Pubdate: Mon, 17 Jun 2002
Source: Daily Iowan, The (IA Edu)
Copyright: 2002 The Daily Iowan
Author: Robert Sharpe, Kirk Muse


In his thoughtful June 13 column, James Eaves-Johnson asks why some drugs 
require the creation of a punitive Nanny State, while other dangerous drugs 
are legal. Simply put, nontraditional drugs represent the counterculture to 
reactionaries in Congress intent on forcibly imposing their version of 
morality. Make no mistake, the war on some drugs is an intergenerational 
culture war, not a public-health campaign.

Diet is the No. 1 determinant of health outcomes. Do we really want the 
government monitoring everything that goes into our bodies? And if it is 
the proper role of government to punish citizens for unhealthy choices, why 
target drugs such as marijuana? Unlike alcohol, pot has never been shown to 
cause an overdose death, nor does it share the addictive properties of 

This country cannot afford to continue subsidizing the prejudices of 
hateful culture warriors. The drug war threatens the integrity of a country 
founded on the concept of limited government. The United States now has the 
highest incarceration rate in the world, due in large part to the war on 
some drugs.

It's not possible to wage a moralistic war against consensual vices unless 
privacy is completely eliminated, along with the Constitution. America can 
either be a free country or a "drug-free" country, but not both. Students 
who want to help make a difference should contact Students for Sensible 
Drug Policy at

The results of a comparative study of European and U.S. rates of drug use 
can be found at:

Robert Sharpe, M.P.A.

Program Officer, Drug Policy Alliance

Washington, D.C.
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Prohibition Doesn't Work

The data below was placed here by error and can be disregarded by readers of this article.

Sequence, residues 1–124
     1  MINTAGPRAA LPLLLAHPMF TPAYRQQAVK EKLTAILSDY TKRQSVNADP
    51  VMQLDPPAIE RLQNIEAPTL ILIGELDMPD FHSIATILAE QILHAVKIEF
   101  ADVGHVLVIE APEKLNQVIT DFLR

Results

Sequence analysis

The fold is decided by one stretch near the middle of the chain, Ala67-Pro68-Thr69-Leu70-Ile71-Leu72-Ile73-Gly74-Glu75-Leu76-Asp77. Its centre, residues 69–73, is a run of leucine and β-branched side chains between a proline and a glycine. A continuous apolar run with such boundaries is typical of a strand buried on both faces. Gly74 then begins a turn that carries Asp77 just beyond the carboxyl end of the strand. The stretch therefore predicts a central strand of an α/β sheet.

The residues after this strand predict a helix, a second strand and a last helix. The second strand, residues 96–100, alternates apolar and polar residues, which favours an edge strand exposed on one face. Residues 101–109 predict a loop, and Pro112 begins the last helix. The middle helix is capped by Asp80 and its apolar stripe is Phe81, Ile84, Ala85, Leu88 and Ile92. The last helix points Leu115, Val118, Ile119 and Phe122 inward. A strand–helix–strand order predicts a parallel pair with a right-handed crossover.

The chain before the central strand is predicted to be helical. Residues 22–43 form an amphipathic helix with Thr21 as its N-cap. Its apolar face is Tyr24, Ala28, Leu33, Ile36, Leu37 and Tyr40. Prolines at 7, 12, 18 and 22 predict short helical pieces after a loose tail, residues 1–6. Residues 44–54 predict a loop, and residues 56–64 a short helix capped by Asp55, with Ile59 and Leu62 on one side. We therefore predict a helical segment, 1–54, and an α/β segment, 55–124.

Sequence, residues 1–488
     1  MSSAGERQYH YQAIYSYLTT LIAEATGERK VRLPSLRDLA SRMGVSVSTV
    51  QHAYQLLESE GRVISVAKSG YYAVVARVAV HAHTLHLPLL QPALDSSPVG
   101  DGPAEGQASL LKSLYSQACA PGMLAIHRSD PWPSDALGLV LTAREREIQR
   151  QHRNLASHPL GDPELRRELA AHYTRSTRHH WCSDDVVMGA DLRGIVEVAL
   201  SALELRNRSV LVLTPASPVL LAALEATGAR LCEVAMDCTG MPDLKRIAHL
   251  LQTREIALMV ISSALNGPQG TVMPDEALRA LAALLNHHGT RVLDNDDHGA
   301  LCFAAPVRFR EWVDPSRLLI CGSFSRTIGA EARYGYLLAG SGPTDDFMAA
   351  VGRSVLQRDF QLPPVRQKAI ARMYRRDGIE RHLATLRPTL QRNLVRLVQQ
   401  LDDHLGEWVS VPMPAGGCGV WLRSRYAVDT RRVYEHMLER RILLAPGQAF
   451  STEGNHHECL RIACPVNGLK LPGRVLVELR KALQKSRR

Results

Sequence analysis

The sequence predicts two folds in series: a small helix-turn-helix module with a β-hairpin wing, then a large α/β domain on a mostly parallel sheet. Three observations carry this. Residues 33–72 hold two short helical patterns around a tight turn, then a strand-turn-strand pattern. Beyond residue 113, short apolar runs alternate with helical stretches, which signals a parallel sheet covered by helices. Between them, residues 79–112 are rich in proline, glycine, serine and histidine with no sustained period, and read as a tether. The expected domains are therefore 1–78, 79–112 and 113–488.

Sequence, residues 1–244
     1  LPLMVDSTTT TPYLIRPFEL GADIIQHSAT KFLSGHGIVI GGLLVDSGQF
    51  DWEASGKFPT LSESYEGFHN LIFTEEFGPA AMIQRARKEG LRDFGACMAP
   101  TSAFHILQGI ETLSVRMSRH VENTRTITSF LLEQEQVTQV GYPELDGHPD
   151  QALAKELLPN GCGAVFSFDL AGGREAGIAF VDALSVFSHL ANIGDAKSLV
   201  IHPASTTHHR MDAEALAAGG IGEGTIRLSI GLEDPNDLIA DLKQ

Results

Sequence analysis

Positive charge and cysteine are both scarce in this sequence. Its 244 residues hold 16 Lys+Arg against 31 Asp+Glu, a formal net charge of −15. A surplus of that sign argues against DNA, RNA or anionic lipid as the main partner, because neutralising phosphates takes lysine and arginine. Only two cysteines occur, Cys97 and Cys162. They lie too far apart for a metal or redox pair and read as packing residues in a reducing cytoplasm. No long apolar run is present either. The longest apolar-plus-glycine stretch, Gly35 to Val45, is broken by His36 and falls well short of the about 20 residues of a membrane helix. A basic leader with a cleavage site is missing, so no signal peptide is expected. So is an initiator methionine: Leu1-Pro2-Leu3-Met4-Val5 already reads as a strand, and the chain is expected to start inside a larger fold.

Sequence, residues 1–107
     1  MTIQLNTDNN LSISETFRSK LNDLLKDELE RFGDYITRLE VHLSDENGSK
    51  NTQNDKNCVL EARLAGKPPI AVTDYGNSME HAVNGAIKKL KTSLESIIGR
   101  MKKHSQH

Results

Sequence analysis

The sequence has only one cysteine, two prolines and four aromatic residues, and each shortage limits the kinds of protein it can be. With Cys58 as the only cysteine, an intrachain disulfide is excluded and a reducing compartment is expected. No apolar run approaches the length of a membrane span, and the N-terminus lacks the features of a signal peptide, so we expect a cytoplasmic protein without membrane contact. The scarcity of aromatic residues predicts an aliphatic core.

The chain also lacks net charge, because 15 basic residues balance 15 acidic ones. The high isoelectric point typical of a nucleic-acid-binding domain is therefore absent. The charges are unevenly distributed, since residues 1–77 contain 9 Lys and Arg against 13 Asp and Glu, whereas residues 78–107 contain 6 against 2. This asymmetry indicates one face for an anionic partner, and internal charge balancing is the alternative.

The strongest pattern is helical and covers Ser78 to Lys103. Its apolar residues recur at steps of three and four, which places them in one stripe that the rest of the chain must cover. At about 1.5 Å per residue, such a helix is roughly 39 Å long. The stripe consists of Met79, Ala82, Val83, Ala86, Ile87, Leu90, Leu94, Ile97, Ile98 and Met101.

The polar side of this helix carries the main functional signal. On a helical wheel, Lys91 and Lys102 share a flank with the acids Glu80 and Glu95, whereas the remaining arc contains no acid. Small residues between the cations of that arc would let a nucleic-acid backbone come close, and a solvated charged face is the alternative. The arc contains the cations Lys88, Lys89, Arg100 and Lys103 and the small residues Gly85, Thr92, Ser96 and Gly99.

Major kudos to James Eaves-Johnson for his outstanding column "Put the DEA 
thugs out of business (DI, June 13). Almost 100 percent of our so- called 
"drug-related" crime is caused by drug prohibition, not drugs.

Today's meth labs are very similar to the illegal distilleries of the era 
known as the "Noble Experiment." During our alcohol-prohibition era, 
thousands died and thousands went blind and were crippled for life from 
what was then known as "bathtub gin."

Like the meth of today, the "bathtub gin" was easily made from household 
and industrial products. Like the meth of today, the "bathtub gin" was a 
product created by prohibition. Like the meth of today, illegal alcohol 
could be manufactured just about anywhere. Like the meth of today, 
Prohibition-era alcohol was of unknown quality, potency, and purity.

When Prohibition ended in 1933, almost 100 percent of the "bathtub gin" 
producers went out of business for economic reasons and stayed out of the 
business for economic reasons.

If prohibition worked, tobacco should be the first product prohibited and 
alcohol the second. But prohibition doesn't work, except to provide full 
employment for those doing the prohibiting.

Kirk Muse

Mesa, Ariz., resident 
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